J. A. Collins
Unfortunately (and unjustly as well) the name of Christopher Fry has been linked with that nebulous monster, The Establishment. And since the mid-fifties responsible theatre in England, as elsewhere, has been out to get the Establishment. Fry, in my opinion, deserves more than a summary dismissal, a dismissal (for some) decided on by applying the criterion of guilt-by-association….
Christopher Fry has defined comedy as 'an escape, not from truth but from despair: a narrow escape into faith', a definition which suggests an attitude towards—rather than a solution for—the central paradox: the mystery of existence itself. And in Fry's plays the attitude of faith is always love—romantic love, brotherly love, love of God and the universe; but even in love (the acceptance of faith) spirit and flesh refuse to harmonize and the old battle continues. Fry's dramas usually end on this absurd note of discord, however muted.
The absurdity however has its point: Fry advocates a theatre of 'purpose' over a theatre of 'behaviour', which is to say that he is more interested in what man is than in what he does—or when he does it…. (p. 63)
And the human being, Fry constantly reminds us, is paradoxical; and the heroes and heroines of his comedies (as well as many of the minor characters) have that touch of absurdity which makes men sane. They fly in the face of convention, as did the mad poets of life in the novels of G. K. Chesterton. Their actions are outrageous—and highly entertaining—but behind their actions lies the mystery of a conflict as ancient as the seasons: Dynamene (A Phoenix Too Frequent), preposterous in her husband's tomb, dies into life through her love for Tegeus Chromis; Thomas Mendip (The Lady's Not for Burning), tired of killing, yearns for death but falls into life through his love for Jennet Jourdemayne, yet tells her, 'Girl, you haven't changed the world'; the Duke of Alstair (Venus Observed), mouldering in autumn, praises 'A sudden illumination of lumbago' and the solitude of late love, but his enthusiasm for love and existence is tempered by the reminder of death in Reedbeck's snore….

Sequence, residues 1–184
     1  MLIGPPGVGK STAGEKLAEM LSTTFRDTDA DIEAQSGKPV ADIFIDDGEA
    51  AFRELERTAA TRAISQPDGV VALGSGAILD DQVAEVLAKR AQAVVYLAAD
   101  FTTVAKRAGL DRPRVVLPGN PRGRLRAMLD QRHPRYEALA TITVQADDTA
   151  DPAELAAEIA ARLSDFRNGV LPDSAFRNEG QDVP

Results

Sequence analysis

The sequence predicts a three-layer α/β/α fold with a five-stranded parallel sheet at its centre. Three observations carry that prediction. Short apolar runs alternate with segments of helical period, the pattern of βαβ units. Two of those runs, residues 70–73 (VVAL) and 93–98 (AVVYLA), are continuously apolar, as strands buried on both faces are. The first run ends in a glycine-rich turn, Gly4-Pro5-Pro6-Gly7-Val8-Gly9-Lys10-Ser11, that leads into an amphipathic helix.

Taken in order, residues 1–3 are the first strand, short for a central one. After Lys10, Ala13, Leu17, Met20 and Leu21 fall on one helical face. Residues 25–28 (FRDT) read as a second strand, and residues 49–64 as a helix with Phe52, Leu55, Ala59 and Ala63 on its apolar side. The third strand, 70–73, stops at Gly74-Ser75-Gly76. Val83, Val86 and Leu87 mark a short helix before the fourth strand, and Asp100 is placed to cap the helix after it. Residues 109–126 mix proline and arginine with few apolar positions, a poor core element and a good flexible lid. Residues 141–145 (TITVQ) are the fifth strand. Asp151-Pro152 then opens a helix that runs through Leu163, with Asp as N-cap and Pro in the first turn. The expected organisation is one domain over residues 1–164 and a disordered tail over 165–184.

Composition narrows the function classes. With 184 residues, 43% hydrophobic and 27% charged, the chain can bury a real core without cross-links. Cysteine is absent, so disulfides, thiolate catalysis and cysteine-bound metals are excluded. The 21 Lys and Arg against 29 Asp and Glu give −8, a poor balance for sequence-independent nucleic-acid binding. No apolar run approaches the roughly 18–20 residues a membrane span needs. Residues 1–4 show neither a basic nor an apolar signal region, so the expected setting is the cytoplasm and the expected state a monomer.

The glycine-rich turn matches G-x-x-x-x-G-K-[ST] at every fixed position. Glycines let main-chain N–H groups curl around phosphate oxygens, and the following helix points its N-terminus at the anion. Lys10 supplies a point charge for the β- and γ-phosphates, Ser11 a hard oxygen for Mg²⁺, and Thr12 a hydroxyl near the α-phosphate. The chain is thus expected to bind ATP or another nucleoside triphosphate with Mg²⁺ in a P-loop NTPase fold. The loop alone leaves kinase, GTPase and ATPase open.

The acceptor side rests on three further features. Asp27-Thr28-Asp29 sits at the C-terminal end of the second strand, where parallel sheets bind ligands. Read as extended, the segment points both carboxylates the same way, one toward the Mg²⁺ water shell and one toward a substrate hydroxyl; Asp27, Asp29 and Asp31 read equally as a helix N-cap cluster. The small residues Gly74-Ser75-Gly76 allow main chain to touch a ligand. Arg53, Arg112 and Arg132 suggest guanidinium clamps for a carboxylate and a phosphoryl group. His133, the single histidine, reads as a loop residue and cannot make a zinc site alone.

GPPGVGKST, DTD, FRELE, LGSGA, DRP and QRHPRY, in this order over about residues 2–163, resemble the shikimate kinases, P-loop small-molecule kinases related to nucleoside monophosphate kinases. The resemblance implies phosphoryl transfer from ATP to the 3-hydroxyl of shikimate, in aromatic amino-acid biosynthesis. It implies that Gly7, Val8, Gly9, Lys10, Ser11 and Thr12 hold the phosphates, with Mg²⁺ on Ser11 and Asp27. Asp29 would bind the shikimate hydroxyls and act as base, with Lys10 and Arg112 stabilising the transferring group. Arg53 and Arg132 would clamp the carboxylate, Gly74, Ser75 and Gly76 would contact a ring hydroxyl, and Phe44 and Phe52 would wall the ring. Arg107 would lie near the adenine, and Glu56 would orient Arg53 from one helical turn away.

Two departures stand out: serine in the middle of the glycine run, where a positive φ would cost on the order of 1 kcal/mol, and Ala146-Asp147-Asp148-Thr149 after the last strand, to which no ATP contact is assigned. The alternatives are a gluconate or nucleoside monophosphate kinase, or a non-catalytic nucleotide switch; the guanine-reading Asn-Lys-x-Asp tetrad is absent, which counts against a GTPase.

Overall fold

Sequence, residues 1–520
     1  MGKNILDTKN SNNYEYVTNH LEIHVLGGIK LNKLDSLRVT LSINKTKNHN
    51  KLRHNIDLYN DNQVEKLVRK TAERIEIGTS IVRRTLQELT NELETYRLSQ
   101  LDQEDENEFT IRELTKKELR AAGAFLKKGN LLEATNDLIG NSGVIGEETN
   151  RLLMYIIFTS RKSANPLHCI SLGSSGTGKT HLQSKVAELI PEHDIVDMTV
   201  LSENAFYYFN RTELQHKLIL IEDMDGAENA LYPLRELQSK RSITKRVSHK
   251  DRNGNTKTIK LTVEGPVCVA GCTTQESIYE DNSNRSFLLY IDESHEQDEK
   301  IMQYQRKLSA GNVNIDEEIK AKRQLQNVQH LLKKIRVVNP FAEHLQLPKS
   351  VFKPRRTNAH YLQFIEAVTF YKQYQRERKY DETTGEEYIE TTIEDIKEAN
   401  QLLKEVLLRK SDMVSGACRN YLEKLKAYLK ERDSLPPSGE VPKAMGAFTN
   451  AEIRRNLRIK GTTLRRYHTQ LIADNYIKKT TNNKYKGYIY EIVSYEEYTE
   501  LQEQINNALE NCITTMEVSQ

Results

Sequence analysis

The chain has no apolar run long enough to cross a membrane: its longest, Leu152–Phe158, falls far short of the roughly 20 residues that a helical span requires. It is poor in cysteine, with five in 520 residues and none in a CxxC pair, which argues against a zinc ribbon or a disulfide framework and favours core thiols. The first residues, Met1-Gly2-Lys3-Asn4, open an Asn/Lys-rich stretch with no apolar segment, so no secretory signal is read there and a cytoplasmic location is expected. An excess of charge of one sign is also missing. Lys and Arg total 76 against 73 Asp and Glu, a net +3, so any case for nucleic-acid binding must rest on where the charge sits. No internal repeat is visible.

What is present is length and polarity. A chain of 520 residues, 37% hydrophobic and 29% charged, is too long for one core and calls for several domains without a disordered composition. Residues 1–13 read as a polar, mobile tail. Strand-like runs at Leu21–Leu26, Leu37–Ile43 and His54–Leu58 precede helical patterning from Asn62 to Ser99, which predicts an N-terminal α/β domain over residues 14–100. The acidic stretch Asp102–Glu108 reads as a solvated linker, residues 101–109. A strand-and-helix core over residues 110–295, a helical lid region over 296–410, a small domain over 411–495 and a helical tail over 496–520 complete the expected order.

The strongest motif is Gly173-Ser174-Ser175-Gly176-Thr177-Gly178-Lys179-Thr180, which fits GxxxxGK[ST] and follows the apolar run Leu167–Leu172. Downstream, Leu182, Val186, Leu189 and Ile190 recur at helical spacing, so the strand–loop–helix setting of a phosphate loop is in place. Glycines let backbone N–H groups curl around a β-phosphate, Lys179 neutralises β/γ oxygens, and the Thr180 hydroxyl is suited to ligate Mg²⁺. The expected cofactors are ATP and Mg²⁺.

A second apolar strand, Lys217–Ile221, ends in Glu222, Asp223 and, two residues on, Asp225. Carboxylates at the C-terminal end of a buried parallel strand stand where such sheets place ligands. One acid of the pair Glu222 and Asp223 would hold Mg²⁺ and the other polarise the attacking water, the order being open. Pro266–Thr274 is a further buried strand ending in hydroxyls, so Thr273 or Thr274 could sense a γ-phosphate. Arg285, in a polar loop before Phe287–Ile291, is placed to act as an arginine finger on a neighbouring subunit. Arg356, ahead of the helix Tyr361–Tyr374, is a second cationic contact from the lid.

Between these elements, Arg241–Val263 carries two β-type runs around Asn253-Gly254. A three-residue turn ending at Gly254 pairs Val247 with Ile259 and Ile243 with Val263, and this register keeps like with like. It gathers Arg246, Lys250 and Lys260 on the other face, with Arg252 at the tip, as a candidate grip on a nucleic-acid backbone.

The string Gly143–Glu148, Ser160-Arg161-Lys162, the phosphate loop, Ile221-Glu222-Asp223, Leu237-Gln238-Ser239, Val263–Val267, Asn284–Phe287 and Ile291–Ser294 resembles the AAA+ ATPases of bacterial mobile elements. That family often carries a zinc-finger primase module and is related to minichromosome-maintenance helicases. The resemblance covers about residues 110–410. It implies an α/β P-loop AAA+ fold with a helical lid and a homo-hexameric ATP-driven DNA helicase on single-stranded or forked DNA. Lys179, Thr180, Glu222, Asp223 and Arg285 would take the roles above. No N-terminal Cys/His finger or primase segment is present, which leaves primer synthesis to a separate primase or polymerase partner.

Fry's characters are usually the poles of paradox and their mutual attractions and repulsions the actions of dramas which do not 'conclude' but suggest, rather, a perilous means for continuance; but it is the quality of the thought which gives the plays texture and fibre and this quality finds expression in the verse idiom of the character.
Paradox is not only a mode of thought, it is also a way of verbalizing that thought. Its frequent manifestations are within Fry's case often a metaphysical wit, verbal irony, puns, exaggeration for the sake of rhetorical inflation (rhodomontade), humorous invective, and conceits. These, as would be expected, often overlap, and an exchange between characters will sometimes exhibit them all—and at the same time state the play's theme and advance action as well as incident. (p. 64)
[Combination] of incident and verse, the outer and the inner lives of the characters, is both the action of [a Fry] play and the unfolding of its theme.
Fry relies strongly on incident, not only in his comedies but in all of his plays, and in that respect he is a conventional realist. Incident, however, in Fry's dramas is not primarily 'to advance plot' or 'to reveal character'; it is present, more importantly, to illustrate paradox. It is the gesture which complements the words, and the result is the play's action. In the comedies incident is fantastic—as fantastic as an allegory—but so is the verse, in its obvious poetic effects, fantastic.
But Fry is aware of the need to keep his fantasies under control and he does this, as did Ben Johnson, by turning lyric effect into satiric. Thomas Mendip's 'faintly festive' hiccups do occur in spite of his eloquent denials of them; and their counterparts in language and/or incident and gesture are continually turning song to satire. Doto, for example, the promiscuous maid of A Phoenix Too Frequent (another of Fry's...
(The entire section is 1699 words.)